August 1, 2018
By Times-Union Editorial Board
Jacksonville’s homeless advocacy community is an inspiring role model for our city.
Because it has worked together to make Jacksonville a much better city.
Within the last 10 years, some 30 social services agencies working in Duval, Clay and Nassau counties have shared expertise, resources and their common passion for attacking homelessness.
And by working as one, they have compiled some amazing accomplishments.
● Reduced the number of area homeless veterans by 81 percent.
● Reduced chronic homelessness in our community by 57 percent.
● Reduced local homelessness by 27 percent.
● Housed 100 chronically homeless individuals in a 100-day period through the breathtakingly ambitious 100 Homes Jacksonville initiative.
● Launched an annual “Point-in-Time” campaign that sends squads of volunteers out into the streets overnight to do a literal count of those homeless. The effort has become so effective in identifying who is homeless — and their needs — that the count totals have steadily decreased from 2,442 in 2009 to 1,794 this year.
And the list goes on.
“No one can solve homelessness as a single entity,” said Changing Homelessness CEO Dawn Gilman, one of several local homeless advocacy leaders on hand for a recent meeting with the Times-Union Editorial Board.
“And we haven’t ‘solved’ homelessness in this area,” Gilman said. “But the numbers are now moving in the right direction.”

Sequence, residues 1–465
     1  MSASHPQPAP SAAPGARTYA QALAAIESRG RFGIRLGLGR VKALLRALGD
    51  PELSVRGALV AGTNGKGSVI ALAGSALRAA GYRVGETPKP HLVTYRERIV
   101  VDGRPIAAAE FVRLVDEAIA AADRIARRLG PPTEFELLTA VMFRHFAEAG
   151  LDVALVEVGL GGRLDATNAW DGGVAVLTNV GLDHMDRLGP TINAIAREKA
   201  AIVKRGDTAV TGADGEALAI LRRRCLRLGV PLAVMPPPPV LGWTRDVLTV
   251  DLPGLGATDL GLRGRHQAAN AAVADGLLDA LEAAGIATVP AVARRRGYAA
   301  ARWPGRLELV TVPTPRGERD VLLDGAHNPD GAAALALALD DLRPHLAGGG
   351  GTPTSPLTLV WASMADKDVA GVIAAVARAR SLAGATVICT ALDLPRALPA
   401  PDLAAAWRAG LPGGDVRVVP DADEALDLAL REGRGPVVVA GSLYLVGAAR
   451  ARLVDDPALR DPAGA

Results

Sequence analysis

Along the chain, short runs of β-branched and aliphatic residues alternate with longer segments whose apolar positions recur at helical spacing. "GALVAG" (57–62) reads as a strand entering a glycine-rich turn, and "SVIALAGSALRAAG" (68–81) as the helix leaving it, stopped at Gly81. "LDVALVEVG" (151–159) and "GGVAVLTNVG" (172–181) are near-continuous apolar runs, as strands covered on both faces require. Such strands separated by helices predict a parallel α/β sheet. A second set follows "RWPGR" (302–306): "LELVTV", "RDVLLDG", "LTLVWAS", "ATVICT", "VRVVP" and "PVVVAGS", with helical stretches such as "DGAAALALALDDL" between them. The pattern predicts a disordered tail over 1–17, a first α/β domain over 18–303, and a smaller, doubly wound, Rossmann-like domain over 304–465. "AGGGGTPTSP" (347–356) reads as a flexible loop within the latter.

The reason the numbers are looking better, said Sulzbacher Center CEO Cindy Funkhouser, is because the area nonprofits dedicated to conquering homelessness have displayed a wonderful willingness to put aside individual agendas.
“Everyone has left their egos at the door,” Funkhouser said.
Too often as a city, we don’t celebrate the victories we do achieve in tackling our tough problems.
That’s why we should celebrate the many triumphs won on our behalf by Jacksonville’s homeless advocacy community.
But real challenges remain to further reduce the region’s homeless population — a reality that’s led the local advocacy community to take part in a new national campaign, called Built for Zero, to decrease chronic homelessness.
And here are just some of those daunting obstacles:
● The average homeless person is Jacksonville spends at least 100 days without stable, long-term housing.
● There is still a lack of affordable housing in Jacksonville, which is making it hard for many to escape homelessness or avoid becoming homeless.
“We still don’t have enough,” said Ability Housing CEO Shannon Nazworth, who noted that the local working poor must work 70-plus hours a week just to afford a one-bedroom apartment in many parts of Jacksonville.
● More and more Duval County teens and young adults are becoming homeless. “The numbers are clearly rising,” said Cindy Watson, CEO of the Jacksonville Area Sexual Minority Youth Network.
● Too many in our community still cling to the ignorant urban myth that Jacksonville’s homeless population largely consists of people who have traveled here from elsewhere to take advantage of local social services.
No, they aren’t. They are OUR citizens. They are OUR neighbors.
“Unfortunately, it’s a myth that allows people to avoid feeling a sense of responsibility to address homelessness in our city,” Funkhouser said.
All of these challenges require more funding support from our state and local leaders if we realistically expect to keep reducing the numbers of area homeless.
But they also require our entire community to take a page from Jacksonville’s homeless advocacy community:
We must work as one — and empathize as one.
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